Hampton Court Palace in Greater London is famous for its ghosts, but there’s never been any hard evidence—only eyewitness sightings. That is, until 2003, when a ghost dubbed ‘Skeletor’ popped up on the palace’s CCTV…
In the early 1500s, Hampton Court was built by Cardinal Wolsey for King Henry VIII and became the king’s favourite residence. Probably its most famous ghost is Katherine Howard, Henry VIII’s fifth wife, and it was at Hampton Court that he was told about Katherine’s infidelity. Unlike Anne Boleyn, the first of Henry’s wives to lose her head, Katherine is generally considered guilty of doing the dirty deed behind the king’s back.
Katherine was put under house arrest at Hampton Court but escaped her guards and ran down what’s known today as the Haunted Gallery, looking for the king so she could plead for her life. She was dragged screaming back to her room and not long after became the second of his wives to become a head shorter.
It’s said that visitors have seen Katherine running through the gallery, heard her screaming or experienced “eerie feelings”. She’s often spotted on each anniversary of her house arrest. In 1999, two visitors fainted—half an hour apart—on exactly the same spot. On another occasion, a radio interview being conducted in the gallery had to be shut down because all the equipment stopped working.
Skeletor is a ghost that has overtaken Katherine’s fame in recent years. In winter 2003, palace alarms alerted security staff to the fact that a set of fire doors had been opened. On investigation, they found that the doors were closed again.
Confused, the security staff viewed the CCTV footage of the fire doors. They found that the doors had blown open inexplicably three times on three consecutive days. Here’s a video of the CCTV (complete with Richard and Judy commentary)…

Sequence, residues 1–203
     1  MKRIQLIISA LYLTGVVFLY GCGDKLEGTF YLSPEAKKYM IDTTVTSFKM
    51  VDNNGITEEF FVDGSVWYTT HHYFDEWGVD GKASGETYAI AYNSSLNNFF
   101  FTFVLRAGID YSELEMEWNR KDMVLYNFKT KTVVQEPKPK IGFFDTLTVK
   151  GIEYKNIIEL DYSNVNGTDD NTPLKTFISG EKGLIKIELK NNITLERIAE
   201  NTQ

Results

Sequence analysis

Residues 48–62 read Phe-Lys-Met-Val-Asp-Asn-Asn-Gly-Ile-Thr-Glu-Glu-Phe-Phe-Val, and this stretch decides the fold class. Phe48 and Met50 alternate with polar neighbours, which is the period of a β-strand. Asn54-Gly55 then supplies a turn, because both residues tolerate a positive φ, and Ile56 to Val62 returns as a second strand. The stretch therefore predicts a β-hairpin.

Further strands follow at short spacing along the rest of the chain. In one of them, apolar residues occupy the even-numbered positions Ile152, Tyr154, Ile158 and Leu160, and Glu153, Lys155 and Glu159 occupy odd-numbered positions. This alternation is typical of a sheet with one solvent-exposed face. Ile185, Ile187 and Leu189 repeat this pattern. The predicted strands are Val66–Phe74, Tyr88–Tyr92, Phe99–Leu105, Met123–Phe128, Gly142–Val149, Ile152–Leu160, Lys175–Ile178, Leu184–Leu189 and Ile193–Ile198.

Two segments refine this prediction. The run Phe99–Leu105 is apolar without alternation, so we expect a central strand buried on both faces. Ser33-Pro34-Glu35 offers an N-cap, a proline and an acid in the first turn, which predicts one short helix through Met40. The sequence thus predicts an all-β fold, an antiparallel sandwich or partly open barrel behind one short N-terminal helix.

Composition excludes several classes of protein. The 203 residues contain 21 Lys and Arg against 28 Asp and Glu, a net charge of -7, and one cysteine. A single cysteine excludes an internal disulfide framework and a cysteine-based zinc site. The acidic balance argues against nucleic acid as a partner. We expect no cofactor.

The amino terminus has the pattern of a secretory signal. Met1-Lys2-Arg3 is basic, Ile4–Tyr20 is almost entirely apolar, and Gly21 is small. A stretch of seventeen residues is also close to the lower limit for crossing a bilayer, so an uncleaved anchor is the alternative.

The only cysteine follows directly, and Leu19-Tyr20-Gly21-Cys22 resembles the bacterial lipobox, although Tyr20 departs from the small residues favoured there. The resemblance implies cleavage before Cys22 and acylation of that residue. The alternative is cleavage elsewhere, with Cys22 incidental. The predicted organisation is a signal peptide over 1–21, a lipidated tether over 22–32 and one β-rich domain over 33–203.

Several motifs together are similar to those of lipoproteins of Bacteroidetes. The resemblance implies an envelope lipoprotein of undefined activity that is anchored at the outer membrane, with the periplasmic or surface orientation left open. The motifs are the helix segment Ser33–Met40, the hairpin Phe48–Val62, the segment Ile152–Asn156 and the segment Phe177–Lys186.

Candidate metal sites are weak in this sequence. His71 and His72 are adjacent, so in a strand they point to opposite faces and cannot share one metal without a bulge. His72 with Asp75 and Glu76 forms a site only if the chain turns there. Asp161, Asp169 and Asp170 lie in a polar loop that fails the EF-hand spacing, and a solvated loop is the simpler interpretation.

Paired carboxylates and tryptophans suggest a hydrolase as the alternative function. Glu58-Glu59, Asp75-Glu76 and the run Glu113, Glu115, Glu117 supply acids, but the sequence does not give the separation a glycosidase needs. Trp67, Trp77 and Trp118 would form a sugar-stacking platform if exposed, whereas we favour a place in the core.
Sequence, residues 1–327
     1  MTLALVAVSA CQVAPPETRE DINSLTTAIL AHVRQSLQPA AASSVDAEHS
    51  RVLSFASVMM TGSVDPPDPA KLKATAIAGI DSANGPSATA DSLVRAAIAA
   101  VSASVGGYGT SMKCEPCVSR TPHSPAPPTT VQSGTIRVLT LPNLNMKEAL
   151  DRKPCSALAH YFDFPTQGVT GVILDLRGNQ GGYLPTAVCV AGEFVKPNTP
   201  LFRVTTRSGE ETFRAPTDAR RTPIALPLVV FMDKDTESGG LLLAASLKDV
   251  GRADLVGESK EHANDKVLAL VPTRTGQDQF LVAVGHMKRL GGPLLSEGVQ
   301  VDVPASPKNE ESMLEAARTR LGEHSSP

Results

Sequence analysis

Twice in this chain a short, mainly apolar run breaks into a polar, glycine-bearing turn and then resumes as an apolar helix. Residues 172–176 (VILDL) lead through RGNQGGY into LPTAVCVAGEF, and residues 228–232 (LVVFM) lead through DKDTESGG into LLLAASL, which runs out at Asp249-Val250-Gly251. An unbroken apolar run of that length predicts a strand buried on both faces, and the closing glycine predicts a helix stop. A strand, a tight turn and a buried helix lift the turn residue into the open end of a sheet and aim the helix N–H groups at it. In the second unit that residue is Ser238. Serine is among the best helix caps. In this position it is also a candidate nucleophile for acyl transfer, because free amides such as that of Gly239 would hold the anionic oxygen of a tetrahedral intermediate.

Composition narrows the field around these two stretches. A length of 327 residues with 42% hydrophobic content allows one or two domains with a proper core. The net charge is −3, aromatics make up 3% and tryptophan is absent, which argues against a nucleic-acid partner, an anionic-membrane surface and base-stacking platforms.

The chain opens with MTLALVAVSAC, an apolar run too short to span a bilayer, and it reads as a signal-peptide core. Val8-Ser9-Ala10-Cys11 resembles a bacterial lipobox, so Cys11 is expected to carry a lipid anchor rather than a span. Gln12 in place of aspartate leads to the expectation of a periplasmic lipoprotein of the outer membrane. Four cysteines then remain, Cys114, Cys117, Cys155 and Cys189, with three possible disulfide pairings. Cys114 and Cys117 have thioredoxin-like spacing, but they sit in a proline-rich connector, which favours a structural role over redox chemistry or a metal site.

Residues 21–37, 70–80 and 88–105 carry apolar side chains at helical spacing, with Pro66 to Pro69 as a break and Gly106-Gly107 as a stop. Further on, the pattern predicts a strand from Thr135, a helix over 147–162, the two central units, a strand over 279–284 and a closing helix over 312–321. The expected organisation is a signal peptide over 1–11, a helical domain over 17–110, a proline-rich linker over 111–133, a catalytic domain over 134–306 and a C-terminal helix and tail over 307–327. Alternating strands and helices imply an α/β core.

On the first day, the footage showed the doors flying open with enormous force, but the doorway was empty.
On the second day, the doors opened again. This time a mysterious figure appeared in the doorway, dressed in a 16th century robe, and proceeded to close the doors. The figure was dubbed ‘Skeletor’ because of its resemblance to the He-Man villain (below, as seen in the camp and extremely 80s Masters of the Universe, which starred a pre-Friends Courteney Cox and a pre-Star Trek Voyager Robert Duncan McNeill).
On the third day, the doors swung open again but there was no sign of the ghostly doorkeeper.
At the time, Skeletor’s appearance at Hampton Court was widely reported in the media and gained worldwide notoriety. Today his true nature is still under debate. Was this an actual ghost caught on film? Or a tour guide in a period costume who went and closed the doors before the security guards got there? I mean, if it was a ghost, it was certainly a very helpful one.
Obviously nobody has come forward to say, “Oh yes, sorry, that was me! My bad.” But that could just be because of Skeletor’s fame. He’s the latest in Hampton Court’s tourist-attracting history of hauntings. And apart from his historic costume and strange face (which could easily be a Halloween mask or something), he doesn’t look particularly ghostly. A lot of ghosts caught on film (like the infamous Brown Lady of Raynham Hall) appear see-through. Skeletor’s solid as a rock.
Reportedly the security guards have said that there were no actors or tour guides around at that time. Could they have known that? Might they be fibbing in order to nurture this into a nice little legend? Is this nothing more than a light-hearted hoax? Weirdly, a visitor wrote in the palace’s visitor book on the second day that she thought she’d seen a ghost in that area. A curious coincidence?
Of course, even if Skeletor is as human and alive as they come, one question remains.
Who or what opened the doors in the first place?
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